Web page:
The book I am currently reading
Poetry in a Global Age by Jahan Ramazani. His key argument is that poetry is inherently constructed by a network of global engagements, this being the most generous way to appreciate a text.
The book that changed my life
At the age of 19, I found William Blake’s Songs of Innocence and of Experience in an independent bookshop in Sheffield; it was the first time I’d read poetry and I’ve yet to stop reading it.
The book I wish I’d written
Philippa Perry’s The Book You Wish Your Parents Had Read. It is annoyingly insightful about parenting; each time my wife mentions it, I’d like to say: “Oh, that book I wrote!”
The book that had the greatest influence on my writing
Derek Walcott’s The Star-Apple Kingdom. Discovering an exciting poet of colour and one who employed voices gave me licence to be linguistically licentious (archaic meaning of this word only, please!)
The book that changed my mind
I was freed from the embarrassment of my Indian heritage by Frantz Fanon’s Black Skin, White Masks: “For it is implicit that to speak is to exist absolutely for the other.”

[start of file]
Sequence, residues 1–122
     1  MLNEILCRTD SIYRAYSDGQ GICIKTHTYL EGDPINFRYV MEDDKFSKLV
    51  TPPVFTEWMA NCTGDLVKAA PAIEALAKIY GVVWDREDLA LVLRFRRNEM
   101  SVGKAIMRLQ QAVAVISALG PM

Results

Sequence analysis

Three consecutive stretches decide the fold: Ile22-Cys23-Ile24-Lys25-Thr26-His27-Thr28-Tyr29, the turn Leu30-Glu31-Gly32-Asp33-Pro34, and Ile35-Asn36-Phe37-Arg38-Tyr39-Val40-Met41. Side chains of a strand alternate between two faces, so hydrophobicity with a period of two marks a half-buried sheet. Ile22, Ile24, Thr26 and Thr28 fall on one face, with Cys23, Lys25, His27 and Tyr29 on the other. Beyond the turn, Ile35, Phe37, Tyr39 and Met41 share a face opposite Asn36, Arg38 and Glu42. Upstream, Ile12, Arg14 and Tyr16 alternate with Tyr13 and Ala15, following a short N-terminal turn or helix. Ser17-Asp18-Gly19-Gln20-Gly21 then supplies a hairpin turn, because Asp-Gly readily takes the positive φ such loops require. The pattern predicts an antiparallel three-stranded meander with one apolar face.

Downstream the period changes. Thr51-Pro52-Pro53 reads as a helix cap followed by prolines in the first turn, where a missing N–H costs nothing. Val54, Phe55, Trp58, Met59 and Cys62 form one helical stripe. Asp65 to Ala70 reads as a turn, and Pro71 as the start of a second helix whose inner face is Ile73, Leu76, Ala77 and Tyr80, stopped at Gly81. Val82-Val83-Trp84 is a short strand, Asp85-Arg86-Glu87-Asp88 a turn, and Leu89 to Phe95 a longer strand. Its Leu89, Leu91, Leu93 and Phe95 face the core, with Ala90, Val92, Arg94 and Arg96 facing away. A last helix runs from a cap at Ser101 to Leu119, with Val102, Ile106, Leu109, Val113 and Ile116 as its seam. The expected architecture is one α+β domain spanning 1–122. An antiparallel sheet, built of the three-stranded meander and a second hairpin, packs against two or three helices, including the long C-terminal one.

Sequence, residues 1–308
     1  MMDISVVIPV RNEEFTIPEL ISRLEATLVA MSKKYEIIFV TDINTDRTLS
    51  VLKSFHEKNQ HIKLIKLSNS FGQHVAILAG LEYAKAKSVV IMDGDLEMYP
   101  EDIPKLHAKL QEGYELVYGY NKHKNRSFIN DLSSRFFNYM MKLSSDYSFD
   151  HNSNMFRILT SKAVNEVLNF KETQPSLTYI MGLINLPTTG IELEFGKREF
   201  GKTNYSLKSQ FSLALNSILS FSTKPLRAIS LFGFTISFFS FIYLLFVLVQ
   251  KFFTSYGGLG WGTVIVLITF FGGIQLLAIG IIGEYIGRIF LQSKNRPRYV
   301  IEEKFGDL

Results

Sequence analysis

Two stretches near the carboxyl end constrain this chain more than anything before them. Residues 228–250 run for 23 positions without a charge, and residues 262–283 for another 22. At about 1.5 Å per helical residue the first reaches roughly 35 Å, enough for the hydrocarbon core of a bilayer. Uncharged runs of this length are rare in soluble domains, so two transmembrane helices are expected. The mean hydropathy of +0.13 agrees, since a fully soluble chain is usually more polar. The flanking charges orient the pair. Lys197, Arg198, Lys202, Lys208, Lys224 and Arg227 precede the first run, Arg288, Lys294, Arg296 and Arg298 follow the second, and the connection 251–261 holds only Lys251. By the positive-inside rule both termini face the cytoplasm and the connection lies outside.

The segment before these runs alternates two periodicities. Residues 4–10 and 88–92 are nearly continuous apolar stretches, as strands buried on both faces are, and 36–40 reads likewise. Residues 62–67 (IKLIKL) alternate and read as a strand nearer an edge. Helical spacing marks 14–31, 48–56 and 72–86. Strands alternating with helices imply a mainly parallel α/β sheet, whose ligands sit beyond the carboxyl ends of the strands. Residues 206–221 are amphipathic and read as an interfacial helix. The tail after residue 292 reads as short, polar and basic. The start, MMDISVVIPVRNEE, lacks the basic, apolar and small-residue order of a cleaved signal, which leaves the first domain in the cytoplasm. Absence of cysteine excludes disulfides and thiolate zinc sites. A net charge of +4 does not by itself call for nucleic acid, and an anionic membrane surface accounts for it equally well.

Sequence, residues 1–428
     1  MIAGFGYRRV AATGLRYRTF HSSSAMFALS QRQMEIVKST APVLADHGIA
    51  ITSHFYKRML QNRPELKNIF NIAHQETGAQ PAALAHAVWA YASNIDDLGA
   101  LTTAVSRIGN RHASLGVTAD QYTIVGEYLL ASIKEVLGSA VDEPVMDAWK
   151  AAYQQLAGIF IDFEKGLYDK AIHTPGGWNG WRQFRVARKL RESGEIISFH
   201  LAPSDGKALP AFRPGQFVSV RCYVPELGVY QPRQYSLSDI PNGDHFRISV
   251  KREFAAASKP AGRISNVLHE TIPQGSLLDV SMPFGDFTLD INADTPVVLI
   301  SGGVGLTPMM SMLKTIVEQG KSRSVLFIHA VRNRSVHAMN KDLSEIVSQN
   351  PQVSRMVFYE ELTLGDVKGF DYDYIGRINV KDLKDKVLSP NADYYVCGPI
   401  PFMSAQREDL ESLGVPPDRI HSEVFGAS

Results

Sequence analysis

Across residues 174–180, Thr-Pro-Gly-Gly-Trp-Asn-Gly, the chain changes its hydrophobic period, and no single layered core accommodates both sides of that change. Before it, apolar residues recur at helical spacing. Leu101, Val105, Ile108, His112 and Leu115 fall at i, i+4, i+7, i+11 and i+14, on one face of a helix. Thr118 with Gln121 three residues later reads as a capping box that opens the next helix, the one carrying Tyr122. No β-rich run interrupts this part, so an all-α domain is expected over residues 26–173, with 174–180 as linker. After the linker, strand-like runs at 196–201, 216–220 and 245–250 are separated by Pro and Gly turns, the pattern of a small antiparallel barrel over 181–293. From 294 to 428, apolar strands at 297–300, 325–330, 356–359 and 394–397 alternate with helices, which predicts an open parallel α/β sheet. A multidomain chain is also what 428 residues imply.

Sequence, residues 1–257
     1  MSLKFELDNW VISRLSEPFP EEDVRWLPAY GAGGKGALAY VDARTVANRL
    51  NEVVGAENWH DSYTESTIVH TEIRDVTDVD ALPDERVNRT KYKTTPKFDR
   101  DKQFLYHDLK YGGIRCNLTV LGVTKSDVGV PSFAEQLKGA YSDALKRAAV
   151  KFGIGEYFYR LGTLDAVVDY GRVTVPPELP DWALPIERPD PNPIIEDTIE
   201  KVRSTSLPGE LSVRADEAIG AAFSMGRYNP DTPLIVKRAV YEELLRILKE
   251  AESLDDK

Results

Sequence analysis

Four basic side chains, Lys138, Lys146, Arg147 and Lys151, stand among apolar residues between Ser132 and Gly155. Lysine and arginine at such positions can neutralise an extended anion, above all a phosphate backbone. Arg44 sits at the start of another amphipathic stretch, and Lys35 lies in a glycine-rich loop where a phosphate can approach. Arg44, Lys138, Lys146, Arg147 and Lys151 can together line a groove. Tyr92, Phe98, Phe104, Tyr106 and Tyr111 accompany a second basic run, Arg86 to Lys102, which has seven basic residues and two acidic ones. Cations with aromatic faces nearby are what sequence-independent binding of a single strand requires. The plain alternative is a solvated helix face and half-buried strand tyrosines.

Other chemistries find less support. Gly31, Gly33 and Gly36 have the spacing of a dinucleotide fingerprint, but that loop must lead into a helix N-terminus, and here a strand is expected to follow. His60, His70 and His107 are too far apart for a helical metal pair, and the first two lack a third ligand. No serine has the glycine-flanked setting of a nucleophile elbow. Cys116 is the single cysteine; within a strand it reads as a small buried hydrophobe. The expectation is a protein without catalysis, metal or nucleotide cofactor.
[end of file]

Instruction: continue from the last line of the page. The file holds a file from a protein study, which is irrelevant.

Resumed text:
The last book that made me cry
The final scene between mother and son in Shuggie Bain by Douglas Stuart has a triple deployment of loo roll; by the final use, I was in bits. Whoever uses the leitmotif of loo roll to excite teardrops in the reader?
The last book that made me laugh
Vahni Capildeo’s Measures of Expatriation is complicatedly funny, and I love the unexpected moments of wit.
The book I’m ashamed not to have read
Sometime in the future, when I retire, the first book I’ll read is The Faerie Queene by Edmund Spenser, having so far only read sections of it. It’s such a forbidding venture that hopefully it’ll keep me from retiring.
The book I’d most like to be remembered for
In an attempt at humility, I declare an indifference to the value system of legacy! I’d rather focus on the joys of scribbling my next book.
My comfort read
John Milton’s Paradise Lost is one of those rare moments in poetry when language is inside-outside the central tones of English, and I feel at home in this choppy music. Me, highbrow? I wear a bow tie as I compose these answers.
The book I think is most underrated
All About H Hatterr by GV Desani is the precursor to Salman Rushdie’s Midnight’s Children and kickstarts an exciting strand of literature by writers of Indian heritage. This could also be my answer to “the book that made me laugh”, but placing it here gives it the grandeur it deserves.
Daljit Nagra is the chair of the Royal Society of Literature.